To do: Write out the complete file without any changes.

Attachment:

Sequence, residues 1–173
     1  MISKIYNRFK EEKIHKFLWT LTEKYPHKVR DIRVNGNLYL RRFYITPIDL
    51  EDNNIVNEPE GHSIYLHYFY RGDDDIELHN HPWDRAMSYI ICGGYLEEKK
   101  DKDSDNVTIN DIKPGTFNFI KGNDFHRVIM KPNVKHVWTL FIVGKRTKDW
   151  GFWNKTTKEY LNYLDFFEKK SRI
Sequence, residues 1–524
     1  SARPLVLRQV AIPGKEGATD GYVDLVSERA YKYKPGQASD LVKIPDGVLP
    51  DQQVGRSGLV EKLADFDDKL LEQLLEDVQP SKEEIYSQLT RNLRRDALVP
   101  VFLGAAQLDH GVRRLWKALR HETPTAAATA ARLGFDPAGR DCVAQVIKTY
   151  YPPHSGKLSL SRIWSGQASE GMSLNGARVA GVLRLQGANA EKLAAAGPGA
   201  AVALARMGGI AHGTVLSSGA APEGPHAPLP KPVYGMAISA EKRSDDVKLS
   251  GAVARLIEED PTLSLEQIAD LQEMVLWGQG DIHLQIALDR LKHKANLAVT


Sequence, residues 1–173
     1  MISKIYNRFK EEKIHKFLWT LTEKYPHKVR DIRVNGNLYL RRFYITPIDL
    51  EDNNIVNEPE GHSIYLHYFY RGDDDIELHN HPWDRAMSYI ICGGYLEEKK
   101  DKDSDNVTIN DIKPGTFNFI KGNDFHRVIM KPNVKHVWTL FIVGKRTKDW
   151  GFWNKTTKEY LNYLDFFEKK SRI
Sequence, residues 1–524
     1  SARPLVLRQV AIPGKEGATD GYVDLVSERA YKYKPGQASD LVKIPDGVLP
    51  DQQVGRSGLV EKLADFDDKL LEQLLEDVQP SKEEIYSQLT RNLRRDALVP
   101  VFLGAAQLDH GVRRLWKALR HETPTAAATA ARLGFDPAGR DCVAQVIKTY
   151  YPPHSGKLSL SRIWSGQASE GMSLNGARVA GVLRLQGANA EKLAAAGPGA
   201  AVALARMGGI AHGTVLSSGA APEGPHAPLP KPVYGMAISA EKRSDDVKLS
   251  GAVARLIEED PTLSLEQIAD LQEMVLWGQG DIHLQIALDR LKHKANLAVT